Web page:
From Socialist Voice, March 2008

International Women’s Day

“She has done more for communism than any of us”

“She has done more for communism than any of us.” So spoke the general secretary of the Communist Party of Great Britain, Harry Pollitt, in 1935. Who was he speaking about? None other than the English-born Charlotte Despard, who, on the unfortunate and unnecessary death of the Irish volunteer Terence MacSwiney in Brixton Prison, London, moved to Ireland and selflessly immersed herself in the Irish class struggle.
     As socialist workers (and others) celebrate International Women’s Day, we should be mindful that this would not have calendar status if it were not for the heroic efforts of communist women such as Sylvia Pankhurst, Rosa Luxemburg, and Charlotte Despard, to name only a few.
     Similarly, the very fact that such a day of celebration exists is also due, in the main, to the diehard commitment of communist and socialist workers, parties and states that, thankfully, recognised that these women, in their contribution to the class struggle, lifted the rights of women to new dimensions, which have set the terms of reference for present-day gender struggle.
     Charlotte Despard was no exception, and, given her background (she was a wealthy heiress of the Anglo-Irish businessman Maximilian Despard), it is to her credit that, after considerable charity work—which involved setting up children’s homes, called the “Despard Clubs,” for the poor in London—she realised and understood that the class struggle required a political dimension.
     Thus she joined the militant Women’s Social and Political Union, and, in keeping with the cry of the Socialist (Second) International, vocally opposed the Great War.
     In 1918 she stood unsuccessfully for Parliament as a Labour candidate and afterwards was attracted more and more to the Irish cause and to communism.
     At the invitation of Connolly’s Socialist Party of Ireland she first visited Ireland in 1909. That visit and her close family connections with the country stimulated her long association with the Irish fight for freedom and self-determination.
     Among many of her Irish activities were active support for the workers’ movement during the infamous Dublin lock-out in 1913, supporting and then joining Sinn Féin in the 1920s, working alongside Maud Gonne in collecting evidence of heinous war crimes committed by the British during the War of Independence, and active opposition to the Anglo-Irish Treaty. Such was her political radicalism that her home, Roebuck House in Clonskeagh, outside Dublin, which she shared with Maud Gonne, was subject to countless police raids, as it was considered an IRA safe house. On one occasion in October 1929, while she was waiting for an ambulance after falling down the stairs, twenty Free State detectives, without a warrant, raided and ransacked the house.
     The same home was also a source of invaluable employment for many local destitute girls and women when it was used by Despard and Gonne as a factory for making jam and shell ornaments. Unfortunately the employees, victims of the prevailing socio-economic circumstances, put paid to this potential form of security by robbing the factory, so putting it out of business.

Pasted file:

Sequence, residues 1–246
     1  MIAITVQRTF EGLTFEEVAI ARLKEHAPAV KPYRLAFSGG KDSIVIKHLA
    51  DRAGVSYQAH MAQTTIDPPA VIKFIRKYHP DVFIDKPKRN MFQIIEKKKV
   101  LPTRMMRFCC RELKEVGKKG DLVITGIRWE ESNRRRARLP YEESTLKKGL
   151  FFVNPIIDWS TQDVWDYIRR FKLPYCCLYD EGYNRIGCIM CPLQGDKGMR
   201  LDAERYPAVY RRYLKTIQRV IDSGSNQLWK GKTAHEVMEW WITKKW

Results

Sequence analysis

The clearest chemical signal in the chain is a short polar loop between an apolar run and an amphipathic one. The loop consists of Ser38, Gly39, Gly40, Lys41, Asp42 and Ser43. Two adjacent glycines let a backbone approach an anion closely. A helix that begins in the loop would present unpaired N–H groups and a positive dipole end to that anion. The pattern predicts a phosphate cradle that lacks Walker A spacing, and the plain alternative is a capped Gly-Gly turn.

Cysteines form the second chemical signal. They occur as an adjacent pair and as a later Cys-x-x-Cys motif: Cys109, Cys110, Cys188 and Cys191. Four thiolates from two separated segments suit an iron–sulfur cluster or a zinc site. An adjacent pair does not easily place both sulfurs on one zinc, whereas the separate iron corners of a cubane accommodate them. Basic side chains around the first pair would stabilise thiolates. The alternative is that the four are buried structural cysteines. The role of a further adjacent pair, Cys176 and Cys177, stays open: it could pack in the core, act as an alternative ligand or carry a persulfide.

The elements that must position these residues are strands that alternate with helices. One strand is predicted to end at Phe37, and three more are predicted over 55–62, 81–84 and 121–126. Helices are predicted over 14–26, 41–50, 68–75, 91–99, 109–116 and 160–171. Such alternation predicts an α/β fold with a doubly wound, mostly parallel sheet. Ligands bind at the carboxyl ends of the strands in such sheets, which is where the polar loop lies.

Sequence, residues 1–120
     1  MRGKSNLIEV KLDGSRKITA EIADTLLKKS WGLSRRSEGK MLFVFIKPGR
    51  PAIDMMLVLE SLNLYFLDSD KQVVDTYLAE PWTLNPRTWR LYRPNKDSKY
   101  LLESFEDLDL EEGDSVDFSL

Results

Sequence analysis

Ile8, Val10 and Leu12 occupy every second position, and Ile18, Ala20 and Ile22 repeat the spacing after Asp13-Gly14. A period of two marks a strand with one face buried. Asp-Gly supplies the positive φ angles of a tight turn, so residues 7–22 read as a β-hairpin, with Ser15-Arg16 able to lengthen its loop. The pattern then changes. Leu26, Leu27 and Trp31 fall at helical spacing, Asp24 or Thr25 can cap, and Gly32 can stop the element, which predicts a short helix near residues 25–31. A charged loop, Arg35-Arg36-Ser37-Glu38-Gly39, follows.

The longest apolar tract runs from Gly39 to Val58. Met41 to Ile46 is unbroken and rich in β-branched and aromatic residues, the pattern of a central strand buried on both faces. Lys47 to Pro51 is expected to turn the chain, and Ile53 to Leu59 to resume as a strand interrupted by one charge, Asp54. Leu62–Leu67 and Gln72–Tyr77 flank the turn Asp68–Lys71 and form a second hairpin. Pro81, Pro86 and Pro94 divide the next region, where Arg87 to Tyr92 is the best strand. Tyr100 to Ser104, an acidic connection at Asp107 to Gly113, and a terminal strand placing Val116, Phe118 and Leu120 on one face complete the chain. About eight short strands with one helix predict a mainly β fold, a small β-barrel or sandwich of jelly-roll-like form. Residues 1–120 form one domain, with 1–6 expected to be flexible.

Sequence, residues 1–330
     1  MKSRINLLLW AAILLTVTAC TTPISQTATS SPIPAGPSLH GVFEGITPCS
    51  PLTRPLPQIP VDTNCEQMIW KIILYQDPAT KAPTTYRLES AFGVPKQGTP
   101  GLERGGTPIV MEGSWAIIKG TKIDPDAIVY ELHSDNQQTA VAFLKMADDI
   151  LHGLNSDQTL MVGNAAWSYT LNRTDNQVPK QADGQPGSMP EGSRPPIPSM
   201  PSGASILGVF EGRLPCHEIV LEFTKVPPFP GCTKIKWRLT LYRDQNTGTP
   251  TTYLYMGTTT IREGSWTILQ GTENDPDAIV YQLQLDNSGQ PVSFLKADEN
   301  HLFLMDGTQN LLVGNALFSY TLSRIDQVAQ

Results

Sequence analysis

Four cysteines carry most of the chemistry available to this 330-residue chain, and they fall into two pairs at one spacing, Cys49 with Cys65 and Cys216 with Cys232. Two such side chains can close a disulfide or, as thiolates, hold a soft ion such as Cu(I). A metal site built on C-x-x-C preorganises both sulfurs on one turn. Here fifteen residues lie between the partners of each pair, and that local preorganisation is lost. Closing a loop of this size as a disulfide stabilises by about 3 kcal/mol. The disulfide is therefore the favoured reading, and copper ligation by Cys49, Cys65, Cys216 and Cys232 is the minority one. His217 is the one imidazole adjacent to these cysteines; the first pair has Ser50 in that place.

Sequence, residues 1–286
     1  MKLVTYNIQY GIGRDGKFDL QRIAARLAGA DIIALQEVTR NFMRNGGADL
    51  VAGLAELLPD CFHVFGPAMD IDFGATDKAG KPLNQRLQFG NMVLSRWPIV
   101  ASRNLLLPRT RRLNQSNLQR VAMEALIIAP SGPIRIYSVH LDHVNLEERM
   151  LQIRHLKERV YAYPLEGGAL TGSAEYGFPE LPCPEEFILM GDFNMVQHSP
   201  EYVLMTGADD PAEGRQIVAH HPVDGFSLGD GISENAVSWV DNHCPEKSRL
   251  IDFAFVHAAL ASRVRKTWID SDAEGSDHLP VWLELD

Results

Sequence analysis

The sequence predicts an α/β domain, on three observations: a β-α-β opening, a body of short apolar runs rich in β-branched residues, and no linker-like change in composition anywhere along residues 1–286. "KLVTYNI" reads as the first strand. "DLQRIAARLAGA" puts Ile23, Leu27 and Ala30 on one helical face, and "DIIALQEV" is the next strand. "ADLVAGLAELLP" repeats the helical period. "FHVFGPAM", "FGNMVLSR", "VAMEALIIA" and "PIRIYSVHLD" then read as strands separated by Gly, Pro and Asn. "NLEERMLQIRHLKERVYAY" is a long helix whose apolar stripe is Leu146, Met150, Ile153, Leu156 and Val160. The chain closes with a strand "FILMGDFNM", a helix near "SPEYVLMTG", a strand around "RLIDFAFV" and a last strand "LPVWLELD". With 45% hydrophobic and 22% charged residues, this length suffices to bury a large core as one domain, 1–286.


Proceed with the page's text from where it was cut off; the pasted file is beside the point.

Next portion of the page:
Despard’s high political regard at that time was such that she formed part of a delegation that visited both sides during the Four Courts confrontation in a vain attempt to offset the oncoming vicious Civil War. In 1922, with others, she founded the Women’s Prisoners’ Defence League, which was declared illegal by the Free State government and was subsequently subjected to regular brutal attacks by the police.
     In 1926 her political radicalism was such that she left Sinn Féin and joined Roddy Connolly’s Connolly Club. In 1931 she was part of a delegation of Friends of Soviet Russia that studied the Soviet Union’s educational and penal systems, after which she regularly lectured on their superiority.
     She founded the Workers’ College in Dublin, which was razed to the ground by an anti-communist mob, from which Despard was rescued at the last minute.
     In 1933, as a member of the Revolutionary Workers’ Group, she became a founder-member of the Communist Party of Ireland, which, alongside her party comrades and supporters, laid bare her political position and ideals to the mobs, inspired and motivated by Catholic priests, that attacked Connolly House (then in Great Strand Street, Dublin) in March that year. Her own house at 63 Eccles Street was also attacked on 29 March 1933, but this attack was thwarted, thanks to a physical defence by supportive workers.
     In 1934, at ninety years of age, she left her two properties to those who would maintain her politics and moved to Belfast, where a year later she was declared bankrupt, having given up all she had to her total commitment to the class struggle.
     Charlotte Despard died in November 1939 and was buried in the Republican plot in Glasnevin Cemetery, Dublin. In her honour a street in the Battersea district of London carries her name: Charlotte Despard Avenue. In Ireland only those on the left will take the time to afford some recognition to a real working-class hero. Apart from the decoration of the new Connolly House and the International Women’s Day public meetings in Belfast and Dublin, little or nothing is done in Ireland to ensure the proper celebration of this day and particularly of those whose actions gave birth to it.

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